A few buildings down, a 33-year-old man named Jason, who said he was uncomfortable giving out his last name, made his way through an apartment littered with singed baseball cards – the remnants of his collection. Wires and soggy scraps of insulation hung from the ceiling.
He found a prized autographed baseball and took it outside. He found his collection of autographed baseball bats – all of them carbonized black.
"It’s heartbreaking," he said. "I got nothing left. My wallet, it burned. I got nowhere to go, you know?"
He shook his head. "We got nothing. Absolutely nothing, man. Nada."
"Why?? They saved my damned house!"
Picking Through What’s Left
Putting Out a Spot Fire
Resting On A Lawn
No Parking Zone
Setting A Backfire
Trying To Save The House On The Right
Confused And Scared Rabbit
Helicopter Water Drop
All By Himself
DC-10 Dropping Fire Retardent
Don’t Live Here!
Steve Lopez, L A Times Columist
It’s 90 degrees in November, the full glory and perennial curse of Southern California on fierce display. Devil winds, hill-hopping infernos, smoked mansions, torched trailers, barren freeways, and brilliant sunsets lingering in low-hanging canopies of burnt dreams.
Are we all crazy? Don’t live here, says the wind, the trembling earth, the parched land whose natural inclination is to explode in flame every year about now.
But we do.
Don’t build near the kindling, say the voices of common sense.
But we do, for all the wrong reasons and all the known glories. Our winter snowfall is flakes of ash and flame retardant falling on bougainvillea, so it could be worse.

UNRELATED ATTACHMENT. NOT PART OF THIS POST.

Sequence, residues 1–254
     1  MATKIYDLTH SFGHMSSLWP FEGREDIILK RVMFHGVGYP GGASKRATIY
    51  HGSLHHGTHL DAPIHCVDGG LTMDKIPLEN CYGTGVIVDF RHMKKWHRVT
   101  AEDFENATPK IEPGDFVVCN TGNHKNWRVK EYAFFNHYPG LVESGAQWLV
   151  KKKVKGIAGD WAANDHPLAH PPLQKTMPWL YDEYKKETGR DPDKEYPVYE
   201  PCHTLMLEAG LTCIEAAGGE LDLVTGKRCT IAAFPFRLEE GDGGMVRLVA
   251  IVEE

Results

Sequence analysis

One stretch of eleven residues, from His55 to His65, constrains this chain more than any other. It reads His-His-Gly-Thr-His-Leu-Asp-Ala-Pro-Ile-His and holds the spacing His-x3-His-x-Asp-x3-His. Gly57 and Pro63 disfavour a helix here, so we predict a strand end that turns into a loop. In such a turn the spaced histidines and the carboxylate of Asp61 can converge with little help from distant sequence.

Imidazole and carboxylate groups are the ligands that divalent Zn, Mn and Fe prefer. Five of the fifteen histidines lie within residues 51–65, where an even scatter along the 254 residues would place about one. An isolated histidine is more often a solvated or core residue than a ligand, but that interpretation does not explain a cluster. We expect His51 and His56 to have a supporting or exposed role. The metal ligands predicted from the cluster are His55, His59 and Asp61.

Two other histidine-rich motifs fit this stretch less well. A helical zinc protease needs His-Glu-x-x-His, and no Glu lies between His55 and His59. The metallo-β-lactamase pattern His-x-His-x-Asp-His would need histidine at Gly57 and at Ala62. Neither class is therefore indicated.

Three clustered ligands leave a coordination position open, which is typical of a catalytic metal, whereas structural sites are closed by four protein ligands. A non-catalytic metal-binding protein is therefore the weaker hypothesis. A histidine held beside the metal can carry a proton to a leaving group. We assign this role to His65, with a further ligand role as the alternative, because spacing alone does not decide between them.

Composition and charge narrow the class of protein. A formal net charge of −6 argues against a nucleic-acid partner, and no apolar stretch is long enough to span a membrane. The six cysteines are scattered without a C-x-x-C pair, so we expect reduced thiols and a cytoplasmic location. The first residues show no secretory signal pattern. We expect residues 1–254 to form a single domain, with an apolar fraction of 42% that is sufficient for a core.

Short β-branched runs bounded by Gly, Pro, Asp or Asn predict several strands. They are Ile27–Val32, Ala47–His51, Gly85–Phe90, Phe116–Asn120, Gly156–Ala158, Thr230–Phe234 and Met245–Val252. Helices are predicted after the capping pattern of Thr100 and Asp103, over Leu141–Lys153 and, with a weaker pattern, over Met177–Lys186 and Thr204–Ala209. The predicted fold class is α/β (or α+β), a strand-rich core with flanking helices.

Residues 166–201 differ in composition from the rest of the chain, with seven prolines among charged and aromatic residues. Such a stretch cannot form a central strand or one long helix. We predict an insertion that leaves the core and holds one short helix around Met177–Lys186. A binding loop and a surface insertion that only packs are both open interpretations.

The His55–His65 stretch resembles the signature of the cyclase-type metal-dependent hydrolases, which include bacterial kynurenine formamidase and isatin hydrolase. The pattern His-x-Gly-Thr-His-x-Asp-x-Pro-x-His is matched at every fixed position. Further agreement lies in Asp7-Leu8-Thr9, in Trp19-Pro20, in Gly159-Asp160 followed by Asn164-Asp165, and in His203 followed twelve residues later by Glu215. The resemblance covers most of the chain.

At least the last big quake was a fake — a Thursday run-through to test our preparedness. Followed immediately, of course, by a genuine, rip-roaring disaster, the kind of astonishing immolation that allows folks across the nation to feel smug despite their black ice and frozen rain.
I could have gone in any direction to find fire victims Sunday. With flames roaring through Montecito, Sylmar, Corona, Anaheim Hills, Yorba Linda, Diamond Bar and elsewhere, thousands of people had fled. Millionaires on the move, trailer park residents out the door in pajamas.
"It has been a harrowing last 2 days," said an e-mail from a Montecito woman named Katherine, sent to loved ones informing them the family had lost six of its seven homes in the Tea fire.
"The fire was so intense that there was no time for anyone to save belongings. My father and stepmother did not even have time to get their wallet — let alone rescue the pets! It is literally starting over with nothing but the clothes on their backs."
My friend Mark Morocco, an ER doctor, forwarded me a message from one of his colleagues at Olive View Medical Center, which lost all power Saturday night and was partially evacuated.
"I saw . . . nurses rush into the ER with newborns carried in a kangaroo-like pouch for transport out. . . . It took a team of 8 to carry [one] patient on a stretcher down flights of stairs through 4 floors . . . with just our flashlights for visualization. She made it to Huntington hospital safely."
Across Southern California, tens of thousands made it out safely, helicopters buzzed, hundreds of firefighters risked their lives to protect what was left behind, the Red Cross mobilized like the civilian army that it is, gyms full of cots and blankets appearing out of nowhere.
Saturday night I drove to Sylmar, with firestorms at 11 o’clock and 3 o’clock, rolling over the hills like blazing comets. At the Sylmar High evacuation center, I found residents of the Oakridge trailer park, where more than 500 of the 600 homes were lost.
I saw a woman picking through clothes piled on the bleachers of the Sylmar High gymnasium. She was holding them up for size and then folding them neatly into a cardboard box.